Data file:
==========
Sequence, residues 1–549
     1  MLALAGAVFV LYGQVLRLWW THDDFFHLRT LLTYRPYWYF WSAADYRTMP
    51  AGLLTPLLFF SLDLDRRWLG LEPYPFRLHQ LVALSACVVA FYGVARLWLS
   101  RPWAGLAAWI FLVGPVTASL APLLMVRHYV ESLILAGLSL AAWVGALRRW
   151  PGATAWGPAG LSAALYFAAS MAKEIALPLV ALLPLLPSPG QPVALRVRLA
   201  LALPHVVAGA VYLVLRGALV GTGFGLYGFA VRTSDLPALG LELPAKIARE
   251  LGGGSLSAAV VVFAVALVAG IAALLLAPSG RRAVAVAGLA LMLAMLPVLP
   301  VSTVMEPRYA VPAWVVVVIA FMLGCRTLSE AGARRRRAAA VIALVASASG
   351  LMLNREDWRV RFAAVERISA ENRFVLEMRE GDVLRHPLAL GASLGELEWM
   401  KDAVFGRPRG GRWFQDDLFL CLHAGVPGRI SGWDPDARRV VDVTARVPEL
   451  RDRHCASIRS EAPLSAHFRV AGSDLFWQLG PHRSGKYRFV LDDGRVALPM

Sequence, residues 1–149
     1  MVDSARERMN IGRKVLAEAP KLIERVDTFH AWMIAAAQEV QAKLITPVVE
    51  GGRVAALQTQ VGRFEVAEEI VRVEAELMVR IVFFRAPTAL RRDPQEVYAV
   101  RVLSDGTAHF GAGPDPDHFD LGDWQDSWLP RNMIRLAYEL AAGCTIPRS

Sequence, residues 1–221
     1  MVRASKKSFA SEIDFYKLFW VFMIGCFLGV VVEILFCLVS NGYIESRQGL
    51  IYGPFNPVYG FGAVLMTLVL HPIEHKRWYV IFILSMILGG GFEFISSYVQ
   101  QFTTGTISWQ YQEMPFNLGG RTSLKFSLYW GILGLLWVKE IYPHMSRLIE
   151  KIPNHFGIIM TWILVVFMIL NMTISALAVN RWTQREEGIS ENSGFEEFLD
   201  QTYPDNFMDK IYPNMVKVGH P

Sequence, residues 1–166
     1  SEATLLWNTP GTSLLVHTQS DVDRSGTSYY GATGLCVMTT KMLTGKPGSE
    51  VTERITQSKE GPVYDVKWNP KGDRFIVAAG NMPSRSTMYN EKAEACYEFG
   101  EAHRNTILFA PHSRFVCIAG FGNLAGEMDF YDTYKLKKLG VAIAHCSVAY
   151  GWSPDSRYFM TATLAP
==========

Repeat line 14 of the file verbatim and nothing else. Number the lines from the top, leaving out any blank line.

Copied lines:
    51  GGRVAALQTQ VGRFEVAEEI VRVEAELMVR IVFFRAPTAL RRDPQEVYAV